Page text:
Home automation machines (such as wheelchairs and other devices) controlled by EEG have provided severely disabled patients with a greater option for autonomy. However, these EEG-controlled devices are not often ideal. Many times it can be difficult for the user to focus their thoughts in order to specify commands in a way that the device can understand, ultimately leading to brain fatigue. A PhD student by the name of Peñaloza Sanchez studying at the University of Osaka in Japan is trying to create a solution to the conflicts that come with EEG-controlled devices by developing a learning mechanism to use with the EEG brain-computer interface.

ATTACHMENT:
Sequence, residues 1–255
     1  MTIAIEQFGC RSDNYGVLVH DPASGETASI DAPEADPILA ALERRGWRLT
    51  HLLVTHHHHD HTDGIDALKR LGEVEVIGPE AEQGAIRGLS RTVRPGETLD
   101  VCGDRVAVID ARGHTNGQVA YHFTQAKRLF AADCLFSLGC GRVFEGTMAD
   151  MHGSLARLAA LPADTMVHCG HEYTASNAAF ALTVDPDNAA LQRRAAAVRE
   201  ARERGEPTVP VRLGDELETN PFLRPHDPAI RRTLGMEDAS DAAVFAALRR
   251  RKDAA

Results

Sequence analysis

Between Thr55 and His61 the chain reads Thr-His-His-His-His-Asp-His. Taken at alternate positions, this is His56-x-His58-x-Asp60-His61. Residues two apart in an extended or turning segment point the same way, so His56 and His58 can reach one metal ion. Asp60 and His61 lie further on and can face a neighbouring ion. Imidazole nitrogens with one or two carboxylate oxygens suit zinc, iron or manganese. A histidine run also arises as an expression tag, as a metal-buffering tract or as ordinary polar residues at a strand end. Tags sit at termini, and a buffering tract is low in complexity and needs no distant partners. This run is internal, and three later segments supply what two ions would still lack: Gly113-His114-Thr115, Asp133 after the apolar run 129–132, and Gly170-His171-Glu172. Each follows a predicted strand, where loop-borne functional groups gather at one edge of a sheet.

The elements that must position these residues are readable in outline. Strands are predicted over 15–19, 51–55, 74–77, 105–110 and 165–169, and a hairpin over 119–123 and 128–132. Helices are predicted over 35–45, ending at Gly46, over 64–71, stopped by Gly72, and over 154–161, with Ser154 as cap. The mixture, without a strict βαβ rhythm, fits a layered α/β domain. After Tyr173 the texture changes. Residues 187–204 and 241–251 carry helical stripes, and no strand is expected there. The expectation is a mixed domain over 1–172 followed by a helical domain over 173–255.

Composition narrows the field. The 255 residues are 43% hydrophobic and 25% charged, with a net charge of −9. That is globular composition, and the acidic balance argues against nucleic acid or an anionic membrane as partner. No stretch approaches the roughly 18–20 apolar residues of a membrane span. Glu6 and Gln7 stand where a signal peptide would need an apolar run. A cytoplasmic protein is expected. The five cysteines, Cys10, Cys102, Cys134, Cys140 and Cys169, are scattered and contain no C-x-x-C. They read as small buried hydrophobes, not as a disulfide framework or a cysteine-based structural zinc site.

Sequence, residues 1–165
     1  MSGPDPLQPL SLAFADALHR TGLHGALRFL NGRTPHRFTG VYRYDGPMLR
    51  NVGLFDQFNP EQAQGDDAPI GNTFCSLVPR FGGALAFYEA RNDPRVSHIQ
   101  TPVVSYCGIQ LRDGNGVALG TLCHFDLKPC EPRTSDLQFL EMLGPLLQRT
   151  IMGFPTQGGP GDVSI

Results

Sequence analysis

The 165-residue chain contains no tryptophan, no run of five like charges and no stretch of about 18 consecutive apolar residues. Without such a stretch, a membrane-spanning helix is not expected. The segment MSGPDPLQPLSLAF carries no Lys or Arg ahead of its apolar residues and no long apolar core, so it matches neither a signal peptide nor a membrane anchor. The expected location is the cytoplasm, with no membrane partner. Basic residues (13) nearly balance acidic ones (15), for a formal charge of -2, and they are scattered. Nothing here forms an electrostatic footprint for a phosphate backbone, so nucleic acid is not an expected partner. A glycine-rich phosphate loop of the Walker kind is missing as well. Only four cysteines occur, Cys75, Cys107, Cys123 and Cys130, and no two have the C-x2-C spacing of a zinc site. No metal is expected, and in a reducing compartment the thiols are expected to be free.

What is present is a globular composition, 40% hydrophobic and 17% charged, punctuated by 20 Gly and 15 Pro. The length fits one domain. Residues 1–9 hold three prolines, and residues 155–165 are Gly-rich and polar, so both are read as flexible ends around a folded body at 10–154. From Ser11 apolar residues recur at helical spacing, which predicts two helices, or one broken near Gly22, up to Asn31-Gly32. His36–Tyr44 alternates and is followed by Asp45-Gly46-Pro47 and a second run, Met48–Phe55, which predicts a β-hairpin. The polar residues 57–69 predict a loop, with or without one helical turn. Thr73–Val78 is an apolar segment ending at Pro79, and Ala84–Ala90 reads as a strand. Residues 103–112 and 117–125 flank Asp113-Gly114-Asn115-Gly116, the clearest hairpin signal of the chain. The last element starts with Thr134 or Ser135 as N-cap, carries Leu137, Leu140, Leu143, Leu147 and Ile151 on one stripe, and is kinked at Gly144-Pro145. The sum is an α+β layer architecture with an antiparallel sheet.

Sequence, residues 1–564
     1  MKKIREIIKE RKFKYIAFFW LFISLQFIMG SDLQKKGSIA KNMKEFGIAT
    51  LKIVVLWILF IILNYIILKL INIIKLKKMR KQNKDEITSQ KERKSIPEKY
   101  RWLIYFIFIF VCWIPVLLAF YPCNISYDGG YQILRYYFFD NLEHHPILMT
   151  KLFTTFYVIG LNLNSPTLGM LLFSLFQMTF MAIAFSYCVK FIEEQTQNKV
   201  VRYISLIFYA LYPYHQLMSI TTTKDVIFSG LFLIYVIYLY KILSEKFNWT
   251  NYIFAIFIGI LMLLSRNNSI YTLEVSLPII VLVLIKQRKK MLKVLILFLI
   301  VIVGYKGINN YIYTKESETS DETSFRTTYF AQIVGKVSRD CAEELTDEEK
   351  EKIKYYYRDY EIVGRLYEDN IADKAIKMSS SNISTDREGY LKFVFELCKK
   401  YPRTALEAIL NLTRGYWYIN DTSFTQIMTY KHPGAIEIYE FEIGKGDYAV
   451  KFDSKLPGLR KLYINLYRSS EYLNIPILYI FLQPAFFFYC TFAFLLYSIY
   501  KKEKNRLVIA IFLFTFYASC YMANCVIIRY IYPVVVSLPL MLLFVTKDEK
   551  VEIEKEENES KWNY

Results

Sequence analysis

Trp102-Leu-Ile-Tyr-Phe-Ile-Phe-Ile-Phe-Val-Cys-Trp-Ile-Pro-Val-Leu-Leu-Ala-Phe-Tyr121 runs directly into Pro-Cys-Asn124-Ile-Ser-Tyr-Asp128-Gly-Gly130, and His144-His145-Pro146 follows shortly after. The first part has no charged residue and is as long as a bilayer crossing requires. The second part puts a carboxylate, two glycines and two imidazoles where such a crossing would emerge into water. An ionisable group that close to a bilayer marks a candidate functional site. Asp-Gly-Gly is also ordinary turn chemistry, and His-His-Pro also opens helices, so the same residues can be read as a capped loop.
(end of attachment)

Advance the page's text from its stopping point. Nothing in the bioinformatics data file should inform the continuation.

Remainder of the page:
So far the results have been promising. The new system can recognize patterns in a user’s brain activity and record them for future reference. In addition, the system is paired with sensors placed around the room which gain information on temperature, whether or not doors are open, and whether appliances have been left on in order to better predict the user’s commands. In addition, the system has algorithms to predict the user’s brain response to error. If an error is detected the system will cancel the action.